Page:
WASHINGTON -- The Democratic Party's powerful legal corps, mobilized for action in Florida ever since the 2000 recount, struck with fury in a Tallahassee courtroom last week. Helped by a cooperative judge, the Democratic lawyers scored a temporary victory. The adversary was not the Republican Party but Ralph Nader, the lawyers getting his independent presidential candidacy off the ballot for now. That is part of a larger struggle with unintended negative consequences for John Kerry's campaign.
Florida is just the latest skirmish. Hundreds of Democratic lawyers, organized to enter the courts against George W. Bush on Election Day, now are busy denying Nader ballot access everywhere they can. The mighty General Motors Corp. unleashed a fierce personal attack on Nader when he was a crusading young consumer lawyer, and GM ended up losing the public relations war. Nader sees Democrats making the same mistake.
Whether or not Nader's prediction proves accurate, a more concrete problem faces Democrats. The party's limitation of Nader's ballot access has been most successful in non-battleground states. That keeps the independent candidate away from states where either President Bush or Sen. Kerry will win easily. Nader then is forced to concentrate on closely contested states where he could take away enough votes from Kerry to carry them for Bush, conceivably giving him a second term.
The Democrats have been able to keep Nader out of these states: Arizona, California, Illinois, Mississippi, New Jersey, South Carolina, Texas and Virginia (with only Arizona in the battleground category). Since Nader is not running to be elected but to preach a left-wing gospel that he feels Kerry neglects, he would have campaigned in all these states were he permitted on their ballots. Until thrown off in Texas, Nader planned heavy campaigning against the president in his own state. His campaign was going to open an office in Crawford, Bush's hometown.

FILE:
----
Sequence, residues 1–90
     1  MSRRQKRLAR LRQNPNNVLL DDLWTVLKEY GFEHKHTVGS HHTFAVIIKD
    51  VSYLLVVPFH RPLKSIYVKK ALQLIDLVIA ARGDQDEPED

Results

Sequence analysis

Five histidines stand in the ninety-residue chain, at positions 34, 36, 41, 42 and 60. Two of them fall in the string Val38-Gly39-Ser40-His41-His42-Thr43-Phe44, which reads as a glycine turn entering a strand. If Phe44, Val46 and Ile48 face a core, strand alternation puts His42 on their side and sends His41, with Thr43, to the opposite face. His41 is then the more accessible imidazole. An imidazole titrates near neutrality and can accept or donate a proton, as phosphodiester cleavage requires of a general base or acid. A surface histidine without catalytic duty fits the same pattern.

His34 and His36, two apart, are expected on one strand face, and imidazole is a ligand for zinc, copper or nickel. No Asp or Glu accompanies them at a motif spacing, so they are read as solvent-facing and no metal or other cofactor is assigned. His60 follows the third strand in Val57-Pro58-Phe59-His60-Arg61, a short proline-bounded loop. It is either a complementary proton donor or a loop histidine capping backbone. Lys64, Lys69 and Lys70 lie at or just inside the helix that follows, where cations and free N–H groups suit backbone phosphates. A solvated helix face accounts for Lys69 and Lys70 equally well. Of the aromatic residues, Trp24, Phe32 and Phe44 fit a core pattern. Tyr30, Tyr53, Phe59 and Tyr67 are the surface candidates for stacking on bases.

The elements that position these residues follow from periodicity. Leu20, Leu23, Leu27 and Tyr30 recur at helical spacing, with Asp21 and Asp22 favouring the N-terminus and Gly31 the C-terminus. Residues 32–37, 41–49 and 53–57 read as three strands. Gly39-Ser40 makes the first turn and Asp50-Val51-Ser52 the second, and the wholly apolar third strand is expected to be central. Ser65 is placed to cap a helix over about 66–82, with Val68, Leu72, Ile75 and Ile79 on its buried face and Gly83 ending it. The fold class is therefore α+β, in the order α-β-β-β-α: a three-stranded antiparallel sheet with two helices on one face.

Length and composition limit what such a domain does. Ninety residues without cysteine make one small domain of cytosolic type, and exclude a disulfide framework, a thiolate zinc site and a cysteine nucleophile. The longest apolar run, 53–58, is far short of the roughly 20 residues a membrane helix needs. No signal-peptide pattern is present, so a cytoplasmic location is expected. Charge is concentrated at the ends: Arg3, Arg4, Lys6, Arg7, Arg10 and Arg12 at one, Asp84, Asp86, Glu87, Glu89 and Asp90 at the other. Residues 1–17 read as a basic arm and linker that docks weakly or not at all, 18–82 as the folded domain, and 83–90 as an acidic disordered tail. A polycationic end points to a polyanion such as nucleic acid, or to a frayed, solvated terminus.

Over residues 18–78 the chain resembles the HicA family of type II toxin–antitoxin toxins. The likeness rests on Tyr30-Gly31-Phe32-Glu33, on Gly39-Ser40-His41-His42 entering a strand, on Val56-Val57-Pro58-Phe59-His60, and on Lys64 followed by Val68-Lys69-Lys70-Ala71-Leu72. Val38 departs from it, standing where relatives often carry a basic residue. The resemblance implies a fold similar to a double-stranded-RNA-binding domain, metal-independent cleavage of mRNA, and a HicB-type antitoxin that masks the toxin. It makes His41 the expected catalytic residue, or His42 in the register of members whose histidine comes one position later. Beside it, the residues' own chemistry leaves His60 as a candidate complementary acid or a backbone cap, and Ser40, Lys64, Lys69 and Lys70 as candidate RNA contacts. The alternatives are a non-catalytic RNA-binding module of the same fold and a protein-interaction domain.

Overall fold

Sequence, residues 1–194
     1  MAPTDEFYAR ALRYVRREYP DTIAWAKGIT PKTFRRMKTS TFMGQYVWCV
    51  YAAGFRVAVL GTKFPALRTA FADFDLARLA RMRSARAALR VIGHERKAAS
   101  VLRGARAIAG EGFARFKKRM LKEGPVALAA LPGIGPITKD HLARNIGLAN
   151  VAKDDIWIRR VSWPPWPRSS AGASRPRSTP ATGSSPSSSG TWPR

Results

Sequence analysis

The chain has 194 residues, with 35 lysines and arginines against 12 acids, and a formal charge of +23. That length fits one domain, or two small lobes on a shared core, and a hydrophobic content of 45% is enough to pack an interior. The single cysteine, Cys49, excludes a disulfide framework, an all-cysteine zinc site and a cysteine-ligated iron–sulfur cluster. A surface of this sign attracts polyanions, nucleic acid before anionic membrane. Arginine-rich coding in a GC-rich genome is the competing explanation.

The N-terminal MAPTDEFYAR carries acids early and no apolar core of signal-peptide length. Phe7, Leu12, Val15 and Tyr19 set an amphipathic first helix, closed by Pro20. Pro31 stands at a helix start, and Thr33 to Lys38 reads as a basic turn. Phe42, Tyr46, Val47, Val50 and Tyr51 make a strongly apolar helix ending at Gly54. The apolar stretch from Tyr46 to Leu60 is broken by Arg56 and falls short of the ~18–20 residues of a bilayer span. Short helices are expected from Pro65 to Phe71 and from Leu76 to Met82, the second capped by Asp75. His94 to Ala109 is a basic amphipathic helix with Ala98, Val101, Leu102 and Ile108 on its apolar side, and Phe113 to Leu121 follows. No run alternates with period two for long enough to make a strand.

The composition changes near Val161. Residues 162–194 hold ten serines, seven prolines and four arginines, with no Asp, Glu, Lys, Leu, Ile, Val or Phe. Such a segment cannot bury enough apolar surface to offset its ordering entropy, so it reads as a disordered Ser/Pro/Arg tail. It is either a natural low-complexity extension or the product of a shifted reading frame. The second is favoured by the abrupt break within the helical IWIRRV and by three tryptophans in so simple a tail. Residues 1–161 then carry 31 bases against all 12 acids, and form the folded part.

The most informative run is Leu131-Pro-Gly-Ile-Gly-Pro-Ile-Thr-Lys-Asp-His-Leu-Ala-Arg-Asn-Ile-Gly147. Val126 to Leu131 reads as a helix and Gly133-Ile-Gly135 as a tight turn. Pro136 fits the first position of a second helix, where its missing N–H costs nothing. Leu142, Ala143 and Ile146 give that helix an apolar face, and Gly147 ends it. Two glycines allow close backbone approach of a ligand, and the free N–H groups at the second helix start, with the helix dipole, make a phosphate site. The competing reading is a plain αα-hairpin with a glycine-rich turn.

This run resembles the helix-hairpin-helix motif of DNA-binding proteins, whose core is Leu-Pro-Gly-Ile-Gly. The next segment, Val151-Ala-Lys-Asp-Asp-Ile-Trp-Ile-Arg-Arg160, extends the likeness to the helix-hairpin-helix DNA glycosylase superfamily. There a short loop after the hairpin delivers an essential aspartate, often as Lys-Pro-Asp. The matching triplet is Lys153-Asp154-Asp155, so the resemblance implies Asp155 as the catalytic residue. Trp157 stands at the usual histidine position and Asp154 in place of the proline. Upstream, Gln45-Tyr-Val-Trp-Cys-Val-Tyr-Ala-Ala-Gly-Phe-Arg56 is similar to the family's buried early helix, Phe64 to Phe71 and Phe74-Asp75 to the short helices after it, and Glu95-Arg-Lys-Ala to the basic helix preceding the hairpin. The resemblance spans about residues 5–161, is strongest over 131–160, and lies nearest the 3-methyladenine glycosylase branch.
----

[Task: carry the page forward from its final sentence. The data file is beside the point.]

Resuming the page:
It is not that Democratic lawyers have ignored closely contested states, witness what happened last week in battleground Florida. The Nader campaign was taken by surprise in Tallahassee, without a lawyer to face 10 Democratic attorneys and a judge willing to accept all their arguments. Nevertheless, the odds are that Nader's name will end up on the Florida ballot.
Despite Democratic obstruction, Nader definitely will be drawing votes from Kerry in these contested states: Arkansas, Colorado, Iowa, Maine, Michigan, Minnesota, Nevada, New Hampshire and West Virginia. Besides Florida, Nader expects also to get on the ballot in the battleground states of New Mexico, Ohio, Pennsylvania and Wisconsin.
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